Instead, collective resilience can help organizations better navigate the new normal of data traps, digital<br />

borders, and technology exclusions.<br />

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The Rise of Data Traps<br />

In describing ‘data traps’, British Intelligence Chief Richard Moore warned, “If you allow another country<br />

to gain access to really critical data about your society, over time that will erode your sovereignty, you no<br />

longer have control over that data.” This risk not only is true <strong>for</strong> governments but <strong>for</strong> the private sector,<br />

including the data risks introduced through their supply chain ecosystem.<br />

For the most part, unauthorized data access by some <strong>for</strong>m of a ‘malicious actor’ is the fundamental data<br />

risk. But what happens when the access is authorized through legal mandate? In a growing number of<br />

countries, there are legal requirements <strong>for</strong> data access in return <strong>for</strong> a physical presence and access to<br />

that market. Digital authoritarians – governments who deploy a range of digital tactics <strong>for</strong> in<strong>for</strong>mation and<br />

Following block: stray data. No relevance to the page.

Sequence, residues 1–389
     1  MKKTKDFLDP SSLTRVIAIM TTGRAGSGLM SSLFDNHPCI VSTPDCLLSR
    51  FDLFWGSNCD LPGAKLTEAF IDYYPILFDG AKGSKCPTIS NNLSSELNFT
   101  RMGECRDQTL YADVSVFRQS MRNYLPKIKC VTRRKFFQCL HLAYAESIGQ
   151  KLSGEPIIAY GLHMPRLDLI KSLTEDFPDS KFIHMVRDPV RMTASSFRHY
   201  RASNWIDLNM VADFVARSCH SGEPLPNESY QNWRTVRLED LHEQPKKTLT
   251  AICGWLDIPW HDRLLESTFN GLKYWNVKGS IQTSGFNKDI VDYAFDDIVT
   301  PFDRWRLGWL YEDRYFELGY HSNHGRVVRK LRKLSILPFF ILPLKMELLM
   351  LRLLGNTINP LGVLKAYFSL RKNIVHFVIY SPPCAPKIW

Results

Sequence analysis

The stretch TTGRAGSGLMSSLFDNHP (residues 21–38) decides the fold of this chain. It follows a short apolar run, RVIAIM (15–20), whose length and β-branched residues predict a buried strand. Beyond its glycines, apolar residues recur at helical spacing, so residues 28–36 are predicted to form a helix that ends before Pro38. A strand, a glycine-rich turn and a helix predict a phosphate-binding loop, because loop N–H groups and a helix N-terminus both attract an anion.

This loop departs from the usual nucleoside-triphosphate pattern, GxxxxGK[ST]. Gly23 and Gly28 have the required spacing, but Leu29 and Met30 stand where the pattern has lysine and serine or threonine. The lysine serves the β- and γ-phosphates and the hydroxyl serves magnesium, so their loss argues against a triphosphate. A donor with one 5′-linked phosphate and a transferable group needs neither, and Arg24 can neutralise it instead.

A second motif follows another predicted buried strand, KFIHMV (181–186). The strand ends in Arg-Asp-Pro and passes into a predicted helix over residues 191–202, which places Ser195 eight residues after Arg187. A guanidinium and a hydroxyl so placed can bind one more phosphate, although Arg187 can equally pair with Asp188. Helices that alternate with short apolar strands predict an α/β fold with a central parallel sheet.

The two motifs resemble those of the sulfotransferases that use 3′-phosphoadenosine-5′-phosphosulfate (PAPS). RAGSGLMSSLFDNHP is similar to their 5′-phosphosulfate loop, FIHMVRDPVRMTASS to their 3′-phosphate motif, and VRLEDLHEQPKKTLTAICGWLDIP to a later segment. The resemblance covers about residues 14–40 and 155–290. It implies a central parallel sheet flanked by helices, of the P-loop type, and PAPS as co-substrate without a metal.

data control – increasingly pursue legal paths toward data collection and access. Under the auspices of<br />

national security, government-mandated data access is the latest tool in the toolbox <strong>for</strong> many (largely<br />

authoritarian) governments who are legalizing government access to data upon request. Unlike the trend<br />

among many democracies that have a transparent judicial process <strong>for</strong> data requests, many new laws<br />

lack the judicial review and oversight.<br />

China’s Personal In<strong>for</strong>mation Protection Law (PIPL) and Data Security Law combine to en<strong>for</strong>ce strict<br />

guidelines about data storage and data flows, but do not preclude data access by the government.<br />

Cambodia’s data surveillance legislation permits monitoring on internet activity, intercepting and<br />